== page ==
6 Famous Indian Plays Performed Across the World

From political narratives to epic stories to cultural tales, these Indian plays have captured the attention of theatre enthusiasts globally.

6 Famous Indian Plays Performed Across the World

'Yayati' clinched the Mysore State Award

Some writers and their works are like towering pillars in the wide landscape of Indian plays, influencing the very soul of the art form.

From historical complexities to existential dilemmas, each play provides a different trip into the depths of human experience and social reflection.

These writers skillfully traverse the intricacies of identity, power, and the never-ending search for meaning via colourful characters and gripping plots.

Come along as we explore the ageless ideas and lasting genius of some of the most well-known works of Indian theatre, delving into its complex fabric.

Ebong Indrajit by Badal Sarkar

6 Famous Indian Plays Performed Across the World

Ebong Indrajit, an absurdist play by Badal Sarkar, unfolds in 60s Calcutta, centring on a playwright crafting a new work.

The protagonist discovers his characters in four college students: Amal, Kamal, Vimal, and Indrajit.

While three conform to societal norms of education, marriage, and employment, Indrajit rebels against such conventions.

Indrajit, disillusioned and uncertain of his purpose, grapples with existential questions and struggles to comprehend love, particularly with Manasi.

His inner conflicts hinder the playwright’s ability to shape a coherent narrative for the play.

The cyclical nature of existence confounds both Indrajit and the writer, leaving them unable to define beginnings or endings.

As Indrajit’s existential crisis intensifies, it disrupts the playwright’s creative process, blurring the lines between reality and fiction.

The play becomes a reflection of Indrajit’s inner turmoil, posing profound questions about truth, reality, and the nature of art.

Tughlaq by Girish Karnad

6 Famous Indian Plays Performed Across the World

Girish Karnad’s Tughlaq is a powerful political drama.

It dives into the complexities of power, idealism, and governance.

Set during the reign of the 14th-century Delhi sultan Muhammad bin Tughlaq, the play explores themes of ambition and betrayal.

Its sharp dialogue, nuanced characters, and historical backdrop have earned it international acclaim.

Hayavadana by Girish Karnad

6 Famous Indian Plays Performed Across the World

Another masterpiece by Girish Karnad is Hayavadana.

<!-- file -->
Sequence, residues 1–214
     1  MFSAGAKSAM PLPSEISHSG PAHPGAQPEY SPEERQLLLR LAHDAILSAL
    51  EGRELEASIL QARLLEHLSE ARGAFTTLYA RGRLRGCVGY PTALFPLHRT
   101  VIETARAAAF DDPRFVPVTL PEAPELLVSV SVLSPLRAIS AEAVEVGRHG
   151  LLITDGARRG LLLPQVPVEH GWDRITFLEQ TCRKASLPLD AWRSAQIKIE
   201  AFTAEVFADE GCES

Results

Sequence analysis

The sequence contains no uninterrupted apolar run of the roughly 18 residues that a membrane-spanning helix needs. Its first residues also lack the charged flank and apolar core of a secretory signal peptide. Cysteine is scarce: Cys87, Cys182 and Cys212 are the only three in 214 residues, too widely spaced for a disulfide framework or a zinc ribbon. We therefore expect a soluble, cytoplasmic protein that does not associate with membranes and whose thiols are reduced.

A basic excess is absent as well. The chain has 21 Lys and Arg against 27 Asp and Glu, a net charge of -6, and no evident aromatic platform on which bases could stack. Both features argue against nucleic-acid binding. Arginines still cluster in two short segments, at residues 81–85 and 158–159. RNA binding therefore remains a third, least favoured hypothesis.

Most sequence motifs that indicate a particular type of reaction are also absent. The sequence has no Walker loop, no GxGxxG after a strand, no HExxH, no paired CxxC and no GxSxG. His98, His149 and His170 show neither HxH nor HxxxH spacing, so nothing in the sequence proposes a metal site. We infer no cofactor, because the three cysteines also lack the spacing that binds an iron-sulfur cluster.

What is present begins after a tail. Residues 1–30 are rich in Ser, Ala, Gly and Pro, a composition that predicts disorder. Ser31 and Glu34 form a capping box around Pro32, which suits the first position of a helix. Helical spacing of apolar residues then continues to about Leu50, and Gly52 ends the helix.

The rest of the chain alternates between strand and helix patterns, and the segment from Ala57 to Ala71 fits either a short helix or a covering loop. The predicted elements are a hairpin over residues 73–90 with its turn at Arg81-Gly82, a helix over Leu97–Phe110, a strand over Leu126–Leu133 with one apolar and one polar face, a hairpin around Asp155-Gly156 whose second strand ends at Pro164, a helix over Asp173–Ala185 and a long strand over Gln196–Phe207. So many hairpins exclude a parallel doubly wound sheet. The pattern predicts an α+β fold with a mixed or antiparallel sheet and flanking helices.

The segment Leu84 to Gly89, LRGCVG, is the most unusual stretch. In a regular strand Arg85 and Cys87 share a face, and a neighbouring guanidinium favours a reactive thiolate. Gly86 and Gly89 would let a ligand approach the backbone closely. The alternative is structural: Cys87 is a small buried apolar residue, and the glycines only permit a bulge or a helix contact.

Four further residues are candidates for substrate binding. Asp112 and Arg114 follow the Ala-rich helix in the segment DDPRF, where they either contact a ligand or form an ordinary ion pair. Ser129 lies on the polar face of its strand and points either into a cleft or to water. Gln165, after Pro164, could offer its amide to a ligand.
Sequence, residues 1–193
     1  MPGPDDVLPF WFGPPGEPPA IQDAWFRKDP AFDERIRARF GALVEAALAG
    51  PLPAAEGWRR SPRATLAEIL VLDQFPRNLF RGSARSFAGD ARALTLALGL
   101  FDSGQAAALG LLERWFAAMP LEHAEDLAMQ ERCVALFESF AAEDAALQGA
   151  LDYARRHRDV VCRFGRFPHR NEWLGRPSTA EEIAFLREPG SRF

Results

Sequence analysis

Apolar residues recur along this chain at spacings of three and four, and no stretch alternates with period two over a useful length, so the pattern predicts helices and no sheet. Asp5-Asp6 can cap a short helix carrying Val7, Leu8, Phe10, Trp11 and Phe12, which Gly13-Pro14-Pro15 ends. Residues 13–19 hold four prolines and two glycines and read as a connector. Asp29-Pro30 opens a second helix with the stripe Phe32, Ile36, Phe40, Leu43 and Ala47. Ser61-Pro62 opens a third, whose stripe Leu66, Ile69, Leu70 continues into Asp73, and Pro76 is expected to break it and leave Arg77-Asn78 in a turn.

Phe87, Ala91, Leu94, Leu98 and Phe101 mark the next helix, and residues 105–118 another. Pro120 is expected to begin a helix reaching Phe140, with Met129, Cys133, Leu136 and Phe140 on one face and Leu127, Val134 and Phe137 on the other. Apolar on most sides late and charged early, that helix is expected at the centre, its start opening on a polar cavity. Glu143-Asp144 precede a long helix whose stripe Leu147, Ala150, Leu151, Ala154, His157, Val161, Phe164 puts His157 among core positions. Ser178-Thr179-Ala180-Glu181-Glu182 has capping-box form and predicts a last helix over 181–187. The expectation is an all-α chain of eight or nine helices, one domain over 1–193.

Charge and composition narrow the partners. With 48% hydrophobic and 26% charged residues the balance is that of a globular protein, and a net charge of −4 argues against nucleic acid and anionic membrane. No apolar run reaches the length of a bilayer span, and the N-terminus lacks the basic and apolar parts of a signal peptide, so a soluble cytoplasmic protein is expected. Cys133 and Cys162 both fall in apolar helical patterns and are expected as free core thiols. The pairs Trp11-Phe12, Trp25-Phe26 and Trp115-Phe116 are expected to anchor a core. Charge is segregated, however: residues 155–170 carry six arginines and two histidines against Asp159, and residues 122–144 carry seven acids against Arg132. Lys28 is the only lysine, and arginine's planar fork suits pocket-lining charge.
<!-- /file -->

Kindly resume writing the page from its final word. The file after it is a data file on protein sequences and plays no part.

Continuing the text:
The play is a thought-provoking exploration of identity, desire, and the human condition.

Inspired by Indian mythology, particularly the story of the horse-headed deity Hayagriva, the play weaves together elements of comedy, tragedy, and existential inquiry.

Its universal themes have resonated with audiences worldwide.

Girish Karnad was honoured with India’s highest literary award, the Jnanpith Award, in 1998.

Ghashiram Kotwal by Vijay Tendulkar

6 Famous Indian Plays Performed Across the World

Vijay Tendulkar’s Ghashiram Kotwal is a landmark play in Indian theatre.

The performace is known for its bold exploration of power, corruption, and moral decay.

Set in the 18th-century city of Pune, the play follows the rise and fall of Ghashiram, a low-caste man who becomes the ruthless Kotwal (police chief) of the city.

Its searing critique of authority and exploitation has earned it international acclaim.

Yayati by Girish Karnad

6 Famous Indian Plays Performed Across the World

Girish Karnard’s 1960 debut play, Yayati, clinched the Mysore State Award in 1962.

Adapted from a Mahabharata tale, it portrays Yayati, ancestor of the Pandavas, cursed with premature old age by his father-in-law due to infidelity.

Redemption hinges on someone swapping youth; his son Pooru steps up, leading to a poignant exploration of the ensuing crisis and dilemmas faced by Yayati, Pooru, and Pooru’s spouse

The Mahabharata by Peter Brook 

6 Famous Indian Plays Performed Across the World

Peter Brook’s iconic adaptation of the Indian epic The Mahabharata is a landmark in global theatre.

A sweeping epic brought to life on stage, the production spans multiple continents and languages, blending Western and Indian theatrical traditions.

Its timeless tale of honour, duty, and the human condition.

The tale of two rival clans is told in this theatrical rendition of the Indian epic poem and play that followed.

The Pandava brothers and the Kauravas clash because both tribes believe they are descended from gods and should be in charge.

The deity Krishna informs the eldest Pandava, Yudhishthira, that becoming king is his destiny.

Additionally, Arjuna, his brother, is a skilled fighter. Is war, however, unavoidable? Krishna acts ambiguously.

One thing is evident as we conclude our investigation into Indian theatre: its persistent capacity to arouse emotion, spark imagination and encourage thinking.

Every play, from Peter Brook’s expansive epics to Badal Sarkar’s introspective reflections, challenges viewers to consider some of life’s most important issues.

These shows emphasise the craft and skill of Indian theatre and playwrights alike.

They provide examples of theatric marvels and highlight the enormous influence India has had on this medium.

Balraj is a spirited Creative Writing MA graduate. He loves open discussions and his passions are fitness, music, fashion, and poetry. One of his favourite quotes is “One day or day one. You decide.”

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